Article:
Malabsorption of thyroxine has been described in patients treated with drugs that modify an acidic environment.
Dr Marco Centanni and colleagues determined whether there is an increased need for thyroxine with euthyroid multinodular goiter and impaired secretion of gastric acid.
The research team assessed the dose of thyroxine required to obtain a low level of thyrotropin in 248 patients with multinodular goiter.
Of these 248 patients, 53 also had Helicobacter pylori-related gastritis and 60 had atrophic gastritis of the body of the stomach.
Of the 53 patients, 31 had evidence of infection and 29 were without such evidence.
The reference group comprised 135 patients with multinodular goiter and no gastric disorders.
|Omeprazole was associated with an increase in serum thyrotropin in all patients treated with thyroxine|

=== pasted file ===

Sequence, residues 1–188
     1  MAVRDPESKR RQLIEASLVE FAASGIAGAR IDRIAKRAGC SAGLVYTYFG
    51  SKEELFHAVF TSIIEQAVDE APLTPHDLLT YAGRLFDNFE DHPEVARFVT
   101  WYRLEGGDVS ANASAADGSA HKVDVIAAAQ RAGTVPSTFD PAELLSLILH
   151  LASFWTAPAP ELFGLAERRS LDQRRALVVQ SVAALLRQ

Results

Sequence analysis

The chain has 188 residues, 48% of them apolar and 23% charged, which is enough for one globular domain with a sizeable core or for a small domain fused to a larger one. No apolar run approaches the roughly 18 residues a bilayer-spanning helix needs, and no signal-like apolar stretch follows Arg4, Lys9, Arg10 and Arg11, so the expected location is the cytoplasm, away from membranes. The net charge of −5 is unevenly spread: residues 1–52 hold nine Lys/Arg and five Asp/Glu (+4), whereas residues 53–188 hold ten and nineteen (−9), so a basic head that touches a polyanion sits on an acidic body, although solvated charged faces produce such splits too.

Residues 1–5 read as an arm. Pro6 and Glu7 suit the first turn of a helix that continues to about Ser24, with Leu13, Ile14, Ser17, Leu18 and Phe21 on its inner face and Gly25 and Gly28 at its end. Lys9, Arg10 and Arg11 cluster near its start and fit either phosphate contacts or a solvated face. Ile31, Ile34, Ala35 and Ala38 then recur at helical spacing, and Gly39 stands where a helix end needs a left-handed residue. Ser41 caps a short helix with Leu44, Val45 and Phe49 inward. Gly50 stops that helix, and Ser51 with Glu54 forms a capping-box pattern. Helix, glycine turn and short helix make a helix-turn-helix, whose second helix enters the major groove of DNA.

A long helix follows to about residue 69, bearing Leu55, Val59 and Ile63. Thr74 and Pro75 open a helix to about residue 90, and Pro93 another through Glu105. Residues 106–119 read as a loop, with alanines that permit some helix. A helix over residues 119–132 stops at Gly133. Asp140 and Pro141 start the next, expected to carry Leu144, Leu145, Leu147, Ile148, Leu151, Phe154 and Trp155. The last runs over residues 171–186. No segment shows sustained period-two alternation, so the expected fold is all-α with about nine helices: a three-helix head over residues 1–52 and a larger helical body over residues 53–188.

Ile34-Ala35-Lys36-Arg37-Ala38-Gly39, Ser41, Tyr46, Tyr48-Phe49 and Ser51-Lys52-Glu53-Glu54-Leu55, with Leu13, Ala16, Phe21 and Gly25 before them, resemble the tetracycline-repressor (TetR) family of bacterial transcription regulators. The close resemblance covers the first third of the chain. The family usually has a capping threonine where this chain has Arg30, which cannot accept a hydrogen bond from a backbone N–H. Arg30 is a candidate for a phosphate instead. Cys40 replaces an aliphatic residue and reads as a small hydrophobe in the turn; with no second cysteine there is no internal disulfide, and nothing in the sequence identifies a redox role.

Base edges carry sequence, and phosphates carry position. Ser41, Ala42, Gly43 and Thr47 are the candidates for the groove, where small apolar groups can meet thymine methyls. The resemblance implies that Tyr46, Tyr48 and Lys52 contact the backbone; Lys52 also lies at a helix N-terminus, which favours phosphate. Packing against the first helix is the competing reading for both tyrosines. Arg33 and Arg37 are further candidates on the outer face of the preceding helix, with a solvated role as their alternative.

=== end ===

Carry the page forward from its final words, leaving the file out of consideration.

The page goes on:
|New England Journal of Medicine|
In addition, variation in the level of serum thyrotropin was prospectively studied in 11 patients treated with thyroxine before and after H pylori infection.
The team also studied these levels both before and during treatment with omeprazole in 10 patients treated with thyroxine who had gastroesophageal reflux.
The daily requirement of thyroxine was higher in patients with H pylori-related gastritis, atrophic gastritis, or both conditions.
The researchers observed the occurrence of H pylori infection in the 11 patients treated with thyroxine led to an increase in the level of serum thyrotropin.
The team noted that this effect was nearly reversed on eradication of H pylori infection.
In a similar way, omeprazole treatment was associated with an increase in the level of serum thyrotropin in all 10 patients treated with thyroxine.
The team found that this effect was reversed by an increase in the thyroxine dose by 37%.
Dr Centanni's team concluded, “Patients with impaired acid secretion require an increased dose of thyroxine, suggesting that normal gastric acid secretion is necessary for effective absorption of oral thyroxine.”